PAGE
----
Wednesday, July 8, 2020

Justifying Death With Language

I am pissed that the local media says covid deaths with underlying health conditions. This makes people think they're immune from it. Guess what people, underlying health conditions: high blood pressure, diabetes, over weight..... Everyone has underlying health conditions. (Comment via Twitter)

I fully understand where that sentiment is coming from. Laredo officials pop up on our social media feeds to give us the new tallies of those affected by Covid-19. As of early this afternoon, 2,163 Laredoans have tested positive for Coronavirus; and the new death toll is at 36. The practice of having our leaders go through a presentation by roll call has become rote. Worse yet, they remind us that those who have perished had some sort of underlying condition.  

It's useless information for the layman, really. Death should be death. It shouldn't be qualified with vague language. And underlying conditions can be any host of medical ailments. You turn 40 and you automatically join the underlying condition peer group. If I jump onto a scale right now and refer to a BMI chart, I'll be reminded that I fall into the obese category. I don't consider myself obese. However, researchers have come up with a system to help me gauge my well being. They're saying, watch your weight and eat better for improved results over the long term. Still, I gorge on chips and down them with a sugary soda, because I still haven't crossed the event horizon. I'm doing okay and I have plenty of time to make corrections. That's my thought process.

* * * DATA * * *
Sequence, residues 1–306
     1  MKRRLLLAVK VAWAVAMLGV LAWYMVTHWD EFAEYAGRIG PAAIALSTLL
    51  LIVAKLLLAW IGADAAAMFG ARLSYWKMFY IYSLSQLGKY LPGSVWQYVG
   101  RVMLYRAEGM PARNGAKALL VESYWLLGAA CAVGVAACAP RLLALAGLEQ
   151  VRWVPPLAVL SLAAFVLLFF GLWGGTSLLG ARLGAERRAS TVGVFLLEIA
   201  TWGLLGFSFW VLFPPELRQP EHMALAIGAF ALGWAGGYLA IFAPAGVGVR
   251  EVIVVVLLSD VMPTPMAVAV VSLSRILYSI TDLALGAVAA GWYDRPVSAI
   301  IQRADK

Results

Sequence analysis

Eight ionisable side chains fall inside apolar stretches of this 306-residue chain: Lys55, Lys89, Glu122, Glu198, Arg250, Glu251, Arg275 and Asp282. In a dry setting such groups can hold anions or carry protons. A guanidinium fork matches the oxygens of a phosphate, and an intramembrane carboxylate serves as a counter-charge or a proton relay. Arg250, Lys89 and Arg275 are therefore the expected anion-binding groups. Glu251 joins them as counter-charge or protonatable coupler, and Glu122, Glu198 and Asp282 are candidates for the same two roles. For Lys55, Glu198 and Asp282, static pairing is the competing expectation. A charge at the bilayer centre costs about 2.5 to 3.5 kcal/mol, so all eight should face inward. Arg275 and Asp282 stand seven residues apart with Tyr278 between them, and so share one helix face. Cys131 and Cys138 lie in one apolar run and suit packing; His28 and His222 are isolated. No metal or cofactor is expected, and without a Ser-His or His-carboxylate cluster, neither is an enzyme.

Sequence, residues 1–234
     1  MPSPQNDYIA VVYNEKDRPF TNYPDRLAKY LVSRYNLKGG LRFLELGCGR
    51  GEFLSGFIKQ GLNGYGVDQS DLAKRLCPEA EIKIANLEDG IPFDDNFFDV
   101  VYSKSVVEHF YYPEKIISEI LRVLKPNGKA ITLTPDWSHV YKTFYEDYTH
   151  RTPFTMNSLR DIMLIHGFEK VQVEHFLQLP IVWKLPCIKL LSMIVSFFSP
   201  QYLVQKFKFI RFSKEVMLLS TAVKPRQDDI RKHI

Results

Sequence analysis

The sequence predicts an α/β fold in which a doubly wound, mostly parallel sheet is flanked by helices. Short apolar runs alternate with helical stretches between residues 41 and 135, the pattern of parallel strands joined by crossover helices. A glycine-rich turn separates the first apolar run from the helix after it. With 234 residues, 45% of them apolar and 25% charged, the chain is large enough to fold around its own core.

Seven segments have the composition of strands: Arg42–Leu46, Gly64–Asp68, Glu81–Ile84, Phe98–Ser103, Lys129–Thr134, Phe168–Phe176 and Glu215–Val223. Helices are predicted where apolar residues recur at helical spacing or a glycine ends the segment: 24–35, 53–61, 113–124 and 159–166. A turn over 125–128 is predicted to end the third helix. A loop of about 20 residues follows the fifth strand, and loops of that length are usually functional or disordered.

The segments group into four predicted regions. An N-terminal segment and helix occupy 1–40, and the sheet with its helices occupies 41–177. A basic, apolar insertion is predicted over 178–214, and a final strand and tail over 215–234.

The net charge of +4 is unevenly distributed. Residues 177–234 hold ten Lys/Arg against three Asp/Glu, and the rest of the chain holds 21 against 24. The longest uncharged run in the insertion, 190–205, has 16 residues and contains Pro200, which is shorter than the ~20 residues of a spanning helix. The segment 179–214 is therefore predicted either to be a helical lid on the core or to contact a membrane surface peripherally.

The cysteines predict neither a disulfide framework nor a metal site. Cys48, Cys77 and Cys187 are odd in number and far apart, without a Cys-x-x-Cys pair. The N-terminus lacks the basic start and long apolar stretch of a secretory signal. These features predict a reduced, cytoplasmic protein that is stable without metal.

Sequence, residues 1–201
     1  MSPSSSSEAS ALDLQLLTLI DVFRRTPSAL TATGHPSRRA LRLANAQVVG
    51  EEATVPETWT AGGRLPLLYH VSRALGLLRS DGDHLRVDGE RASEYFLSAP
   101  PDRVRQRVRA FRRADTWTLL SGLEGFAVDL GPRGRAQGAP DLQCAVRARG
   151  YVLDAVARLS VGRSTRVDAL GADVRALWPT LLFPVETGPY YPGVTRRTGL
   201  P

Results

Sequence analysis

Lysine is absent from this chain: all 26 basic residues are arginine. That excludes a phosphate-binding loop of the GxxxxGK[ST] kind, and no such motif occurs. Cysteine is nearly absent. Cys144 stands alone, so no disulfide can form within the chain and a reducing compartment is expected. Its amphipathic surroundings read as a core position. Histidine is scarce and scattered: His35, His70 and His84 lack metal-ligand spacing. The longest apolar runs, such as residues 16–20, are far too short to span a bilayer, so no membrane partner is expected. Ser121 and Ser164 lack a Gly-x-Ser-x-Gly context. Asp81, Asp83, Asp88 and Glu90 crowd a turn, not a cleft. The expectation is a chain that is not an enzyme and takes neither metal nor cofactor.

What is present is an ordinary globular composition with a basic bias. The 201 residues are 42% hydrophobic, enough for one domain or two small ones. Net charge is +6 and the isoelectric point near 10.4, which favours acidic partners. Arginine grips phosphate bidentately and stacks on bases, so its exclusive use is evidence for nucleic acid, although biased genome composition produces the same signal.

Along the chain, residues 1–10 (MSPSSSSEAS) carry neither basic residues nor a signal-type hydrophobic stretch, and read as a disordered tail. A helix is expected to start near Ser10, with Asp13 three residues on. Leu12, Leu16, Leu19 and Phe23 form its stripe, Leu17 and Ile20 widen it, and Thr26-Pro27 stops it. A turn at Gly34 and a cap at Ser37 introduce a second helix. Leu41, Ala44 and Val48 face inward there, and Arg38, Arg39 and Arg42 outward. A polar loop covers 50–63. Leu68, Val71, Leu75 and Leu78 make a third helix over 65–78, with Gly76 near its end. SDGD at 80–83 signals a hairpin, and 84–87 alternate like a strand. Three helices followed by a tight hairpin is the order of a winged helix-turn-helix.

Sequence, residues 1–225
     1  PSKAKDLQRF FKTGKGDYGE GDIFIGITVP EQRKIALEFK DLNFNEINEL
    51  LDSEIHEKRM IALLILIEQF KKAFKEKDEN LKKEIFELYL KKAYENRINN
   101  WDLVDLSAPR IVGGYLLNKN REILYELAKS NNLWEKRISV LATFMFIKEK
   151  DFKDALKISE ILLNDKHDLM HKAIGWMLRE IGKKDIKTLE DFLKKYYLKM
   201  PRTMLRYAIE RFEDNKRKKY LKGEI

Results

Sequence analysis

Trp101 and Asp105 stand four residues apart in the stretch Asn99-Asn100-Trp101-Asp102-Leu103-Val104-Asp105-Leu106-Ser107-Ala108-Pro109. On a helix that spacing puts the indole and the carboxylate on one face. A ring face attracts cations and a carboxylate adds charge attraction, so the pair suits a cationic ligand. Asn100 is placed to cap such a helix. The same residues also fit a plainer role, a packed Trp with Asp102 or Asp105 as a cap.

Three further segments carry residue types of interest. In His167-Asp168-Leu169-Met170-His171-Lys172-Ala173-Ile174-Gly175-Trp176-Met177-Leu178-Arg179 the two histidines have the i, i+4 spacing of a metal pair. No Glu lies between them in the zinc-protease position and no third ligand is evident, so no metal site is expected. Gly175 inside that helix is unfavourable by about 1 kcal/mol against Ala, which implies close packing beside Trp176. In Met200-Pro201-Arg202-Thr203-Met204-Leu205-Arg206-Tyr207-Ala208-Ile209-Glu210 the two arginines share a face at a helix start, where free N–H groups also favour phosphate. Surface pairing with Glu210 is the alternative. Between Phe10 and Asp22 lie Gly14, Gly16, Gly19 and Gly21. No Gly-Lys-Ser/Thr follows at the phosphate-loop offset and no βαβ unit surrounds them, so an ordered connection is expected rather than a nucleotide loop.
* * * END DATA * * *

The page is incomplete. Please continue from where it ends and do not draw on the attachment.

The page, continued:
The messaging that's echoed by our leaders and media outlets is doing the same: it's reassuring us that this new virus has an ugly fate for the weakest among us. Those with unmanaged comorbidities, those who are frail are the ones with one foot in the grave. The others will die, not us! Our doctors have never uttered the words underlying condition to our face, and thus, we should be fine.

We rationalize death to assuage our own fears and neglect to think that anyone with a medical condition can live a productive life.

In looking at inspirational thoughts for people with cancer, I came across this one: Cancer is a word, not a death sentence. In our current public health crisis, Covid-19 plus underlying condition equals death sentence. At least, that's what the wording tells us. Uttering underlying condition time and again is repetitive and vacuous. Meaning is stripped away from a person's death.  

36 Laredoans have died -- they probably didn't have to. But because of our lack of leadership, they did. Our response has been inefficient and marred by bickering. Medical treatment is reactive and there's no telling when we'll have a useful vaccine to combat our virulent enemy. Blacks and Latinos are disproportionately affected by Covid-19. All of this should be flagged as the contributing cause of death, not underlying condition(s).

There's too much confusion, however. The only consistent messaging thrown at us is underlying conditions. We'll use it as a salve for the psychological wound inflicted upon us. It's all we've got at this point.